MESA facilitators lead peer-led teach-in to oppose racism, inequality on campus
A group of six students and two student-leaders from Multi-Ethnic Student Affairs convened for a peer-led anti-racism teach-in Tuesday evening to discuss ways to combat racial intolerance and promote a more inclusive environment at the University of Michigan.
The teach-in was part of a new series of workshops led by MESA aiming to engage students in conversations about inequality, social justice activism and personal experiences with discrimination. Tuesday’s event was the fourth teach-in led by MESA this school year.
LSA sophomore Adeoluwa Ijidakinro, a student leader who has worked with MESA for two years, said the teach-in is more necessary now than in previous years because of the growing presence of hate speech and racially charged language in national discourse.
“With the recent trend that is happening in America, you have this popularity of hate statements toward Latinx people, you have this popularity of hate statements toward immigrants,” Ijidakinro said. “In this time, especially with our current administration, I feel that this teach-in about anti-racism is needed now more than ever.”
Ijidakinro said he and LSA junior Shaima Abdullah, another student leader within MESA, chose to focus the teach-in on contemporary racial issues in addition to the history of racism in the United States to show how past events directly impact current prejudices.
“I do think that the majority of people think that the civil rights era has ended, and you think of the Martin Luther King era, but when we show students what’s occurred recently on campus to compare to the history, they’re seeing the similarities and it’s just proof that civil rights hasn’t ended,” Ijidakinro said.
During the event, Abdullah and Ijidakinro led numerous activities, including filling in a timeline of racism in the U.S. and completing a worksheet on the “Four ‘I’s of oppression,” in order to generate conversation regarding one’s influence on systemic issues such as racism and inequity. The Four Is of oppression, which include institutional, ideological, interpersonal and internalized, urged students to realize change can occur through both group and individual actions.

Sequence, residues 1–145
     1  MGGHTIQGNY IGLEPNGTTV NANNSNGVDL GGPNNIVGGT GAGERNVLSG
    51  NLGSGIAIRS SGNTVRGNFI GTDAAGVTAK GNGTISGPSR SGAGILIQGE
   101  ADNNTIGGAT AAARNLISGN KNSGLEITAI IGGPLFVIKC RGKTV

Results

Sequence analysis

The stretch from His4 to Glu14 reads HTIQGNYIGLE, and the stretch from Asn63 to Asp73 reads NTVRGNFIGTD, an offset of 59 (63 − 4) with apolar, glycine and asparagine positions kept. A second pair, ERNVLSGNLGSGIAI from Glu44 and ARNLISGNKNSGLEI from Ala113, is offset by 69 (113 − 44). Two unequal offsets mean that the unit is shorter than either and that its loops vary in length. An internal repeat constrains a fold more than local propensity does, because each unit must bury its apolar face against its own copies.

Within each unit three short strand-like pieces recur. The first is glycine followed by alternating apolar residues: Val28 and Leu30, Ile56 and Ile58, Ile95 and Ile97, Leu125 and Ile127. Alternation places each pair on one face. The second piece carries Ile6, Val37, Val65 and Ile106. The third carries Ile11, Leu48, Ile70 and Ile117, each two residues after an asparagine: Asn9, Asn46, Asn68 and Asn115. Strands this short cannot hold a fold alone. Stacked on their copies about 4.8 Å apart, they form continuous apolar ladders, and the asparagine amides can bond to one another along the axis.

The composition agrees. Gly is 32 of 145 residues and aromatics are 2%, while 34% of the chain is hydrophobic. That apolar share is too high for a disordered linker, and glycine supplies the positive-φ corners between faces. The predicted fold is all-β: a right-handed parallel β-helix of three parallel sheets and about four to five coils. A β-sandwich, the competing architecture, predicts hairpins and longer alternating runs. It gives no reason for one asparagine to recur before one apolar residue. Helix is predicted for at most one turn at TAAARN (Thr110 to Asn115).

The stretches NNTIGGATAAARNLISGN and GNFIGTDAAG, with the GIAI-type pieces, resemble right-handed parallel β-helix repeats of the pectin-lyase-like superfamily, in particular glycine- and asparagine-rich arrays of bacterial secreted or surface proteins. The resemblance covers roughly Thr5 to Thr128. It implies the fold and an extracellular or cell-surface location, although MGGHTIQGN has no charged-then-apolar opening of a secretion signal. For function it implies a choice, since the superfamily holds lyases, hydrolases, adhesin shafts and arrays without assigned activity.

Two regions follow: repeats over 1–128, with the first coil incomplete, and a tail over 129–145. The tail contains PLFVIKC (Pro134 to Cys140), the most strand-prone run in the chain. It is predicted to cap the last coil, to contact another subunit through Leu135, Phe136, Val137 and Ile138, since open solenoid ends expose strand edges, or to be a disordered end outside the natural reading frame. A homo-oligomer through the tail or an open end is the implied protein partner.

Engineering junior Bhavin Gandhi, a residential adviser for University Housing, said a lawsuit filed against the U-M Bias Response Team in May 2018 often restricts his ability as an RA to protect his residents from hate speech in dorms. After the University responded to the lawsuit by claiming University policies do not infringe upon free speech, RAs are no longer allowed to erase slurs or racist symbols from whiteboards outside students’ rooms.
During the teach-in, students reflected on how they challenge racism and inequality in their daily lives through student organizations or activism. Gandhi said his role as an RA gives him the opportunity to both challenge his innate biases and confront them by helping other students navigate life at the University.
“Personally, my biases are one thing I’m trying to realize a bit more, and also educating people who I know didn’t have the best upbringing,” Gandhi said. “For example, a lot of my residents who are of color didn’t know how to do the FAFSA when they were applying to college. That’s something I’m trying to help a little bit more with — the things that I learned as a person of color for college management.”
Abdullah stressed the need for students to educate themselves on how their personal actions and words can oppose racism.
“(We should be) educating ourselves, continuously reading, whether that’s becoming more aware of our language and the speech we’re using and how that impacts people, or even what organizations we’re a part of and how we want to continuously make not just personal changes in our lives, but structural changes too in society,” Abdullah said.